But the Lord God, in His infinite goodness and in His holy mercy, the Lord God had made a way of escape. He had made a provision for salvation. Said the Lord God: any family, any family – an Egyptian family, an Israelites family – any family that will take a lamb and keep it in the heart of the home – the lamb is to be without spot and without blemish and is to be kept in the family for four days. By that time, it becomes identified with the home. It’s just another member of the little circle that live in that house. And on the fourth day, the head of the home – the representative member of the family – is solemnly to slay the lamb; and then, catching the blood in a basin, the blood is to be sprinkled on the doorposts and on the lintels at the front of the house [Exodus 12:1-28].
That was an open confession of sin. This house is lost and under the judgment and wrath of Almighty God. This is an open confession of our sin, the sprinkling of the blood on the doorpost and on the lintels; and it was an open confession before the world that this house is set aside according to the will and the plan of God [Exodus 12:13] – that in the blood we might have our hope and our salvation, and in the slaying of that lamb, there was expiation made for sin [John 1:29; Hebrews 9:26].
There was a death there in that home and in that family. There was a substitution for the death that was, under God, the judgment upon all of the members of that house; and the blood openly displayed, the blood sprinkled on the front of the house where all passersby could see it, this is a family under the judgment of God. This is a house under the blood. This is a home publicly and openly given to the will of God.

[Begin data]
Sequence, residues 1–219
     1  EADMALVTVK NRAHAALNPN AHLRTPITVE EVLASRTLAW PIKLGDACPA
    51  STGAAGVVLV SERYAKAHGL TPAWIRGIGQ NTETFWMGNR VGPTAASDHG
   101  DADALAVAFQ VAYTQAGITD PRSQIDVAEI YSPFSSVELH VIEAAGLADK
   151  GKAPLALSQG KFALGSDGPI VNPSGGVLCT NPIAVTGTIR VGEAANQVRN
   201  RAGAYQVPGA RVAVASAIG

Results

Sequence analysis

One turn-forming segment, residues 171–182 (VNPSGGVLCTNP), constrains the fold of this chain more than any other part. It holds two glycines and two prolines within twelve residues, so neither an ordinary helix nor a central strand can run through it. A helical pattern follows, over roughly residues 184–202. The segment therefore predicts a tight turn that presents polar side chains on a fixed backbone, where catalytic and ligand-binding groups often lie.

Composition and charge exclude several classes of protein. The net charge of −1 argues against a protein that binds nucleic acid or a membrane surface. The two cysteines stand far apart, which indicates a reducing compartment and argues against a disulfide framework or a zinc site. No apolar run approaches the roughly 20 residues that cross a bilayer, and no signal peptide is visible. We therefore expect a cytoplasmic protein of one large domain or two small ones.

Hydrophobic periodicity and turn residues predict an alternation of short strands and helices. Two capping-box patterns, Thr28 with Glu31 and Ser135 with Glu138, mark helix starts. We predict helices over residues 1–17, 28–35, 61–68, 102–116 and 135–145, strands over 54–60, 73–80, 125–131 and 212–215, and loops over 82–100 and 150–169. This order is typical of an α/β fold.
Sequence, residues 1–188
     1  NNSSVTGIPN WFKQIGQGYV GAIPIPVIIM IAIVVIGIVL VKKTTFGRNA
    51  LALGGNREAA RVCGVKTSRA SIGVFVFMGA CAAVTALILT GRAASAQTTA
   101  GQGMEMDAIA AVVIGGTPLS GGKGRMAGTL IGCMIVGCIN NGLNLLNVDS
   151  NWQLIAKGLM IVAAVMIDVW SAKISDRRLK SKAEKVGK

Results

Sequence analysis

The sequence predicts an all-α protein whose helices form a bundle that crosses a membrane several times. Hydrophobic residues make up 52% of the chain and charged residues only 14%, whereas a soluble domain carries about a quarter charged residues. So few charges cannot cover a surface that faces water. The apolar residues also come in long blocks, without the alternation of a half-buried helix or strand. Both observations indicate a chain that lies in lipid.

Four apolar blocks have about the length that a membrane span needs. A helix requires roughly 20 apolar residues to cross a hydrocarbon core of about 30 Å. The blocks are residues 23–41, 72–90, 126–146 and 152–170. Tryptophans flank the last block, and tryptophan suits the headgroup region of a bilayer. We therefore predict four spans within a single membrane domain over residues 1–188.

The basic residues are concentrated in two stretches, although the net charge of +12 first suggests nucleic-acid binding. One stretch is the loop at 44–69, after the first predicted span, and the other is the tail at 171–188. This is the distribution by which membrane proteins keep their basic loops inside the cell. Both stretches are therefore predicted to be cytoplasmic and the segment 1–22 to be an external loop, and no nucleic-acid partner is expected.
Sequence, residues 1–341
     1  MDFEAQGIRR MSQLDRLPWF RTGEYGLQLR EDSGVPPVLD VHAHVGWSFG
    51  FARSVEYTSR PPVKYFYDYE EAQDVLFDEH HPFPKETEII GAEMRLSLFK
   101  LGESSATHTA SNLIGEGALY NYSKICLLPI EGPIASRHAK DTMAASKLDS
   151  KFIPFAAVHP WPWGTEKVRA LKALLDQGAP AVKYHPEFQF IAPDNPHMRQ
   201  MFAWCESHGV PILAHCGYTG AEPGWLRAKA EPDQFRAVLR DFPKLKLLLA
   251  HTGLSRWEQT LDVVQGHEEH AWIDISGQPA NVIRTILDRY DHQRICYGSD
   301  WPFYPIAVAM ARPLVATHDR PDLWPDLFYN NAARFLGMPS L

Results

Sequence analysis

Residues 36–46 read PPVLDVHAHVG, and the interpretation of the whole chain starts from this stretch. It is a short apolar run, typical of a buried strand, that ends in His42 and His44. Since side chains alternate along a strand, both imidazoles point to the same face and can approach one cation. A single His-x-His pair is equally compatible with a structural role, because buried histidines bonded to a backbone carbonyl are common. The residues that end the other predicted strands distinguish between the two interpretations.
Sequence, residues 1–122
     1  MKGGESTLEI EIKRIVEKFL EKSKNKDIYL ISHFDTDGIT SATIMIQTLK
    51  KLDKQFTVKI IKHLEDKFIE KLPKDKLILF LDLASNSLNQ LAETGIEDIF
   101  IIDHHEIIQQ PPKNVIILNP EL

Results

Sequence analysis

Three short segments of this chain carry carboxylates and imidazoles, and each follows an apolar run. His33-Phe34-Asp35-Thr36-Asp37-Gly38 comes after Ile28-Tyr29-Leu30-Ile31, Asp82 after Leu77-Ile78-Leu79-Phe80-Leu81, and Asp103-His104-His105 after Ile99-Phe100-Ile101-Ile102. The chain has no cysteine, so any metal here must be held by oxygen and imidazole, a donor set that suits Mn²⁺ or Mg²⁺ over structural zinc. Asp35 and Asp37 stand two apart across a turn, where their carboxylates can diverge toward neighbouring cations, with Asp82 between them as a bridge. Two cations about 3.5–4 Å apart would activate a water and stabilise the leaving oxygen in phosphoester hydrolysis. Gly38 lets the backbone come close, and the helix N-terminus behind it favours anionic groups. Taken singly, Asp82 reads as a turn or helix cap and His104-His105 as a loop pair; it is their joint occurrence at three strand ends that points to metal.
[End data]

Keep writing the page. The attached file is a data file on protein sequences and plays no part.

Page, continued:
And that was God’s way in the great night of the judgment of death in the land of Egypt – that was God’s way of delivering the people who would trust in Him. It became a memorial rite thereafter for all of the succeeding generations of the Hebrew children [Exodus 12:14, 12:24-25].
The rite taught the Hebrew people that they were a redeemed family. They were a blood-bought people. Their lives had been sacrificed for. Innocent blood had been spilled and poured out, and they were saved because of the sacrifice of somebody else. They were a blood-bought and a redeemed people.
Now, that’s the background when Paul says in the fifth chapter of the first Corinthian letter that Christ our Passover is sacrificed for us [1 Corinthians 5:7]. The Passover is a protevangelium. It is a gospel before the gospel. It is a picture. It is a portrayal. It is a dramatic presentation of the great gospel truth that should be in time revealed in Jesus Christ, God’s Son.
For you see, redemption, atonement, expiation is no afterthought with God. But in the councils of heaven, before the world was made and in all of the revelations through all of the centuries of time that are written in this holy and sacred Book, interwoven in the very heart of all of the work and plan and purpose of God is this thing of the shedding of blood, of atonement, of the washing away of our sins [Genesis 3:14-15; Ephesians 1:3-12].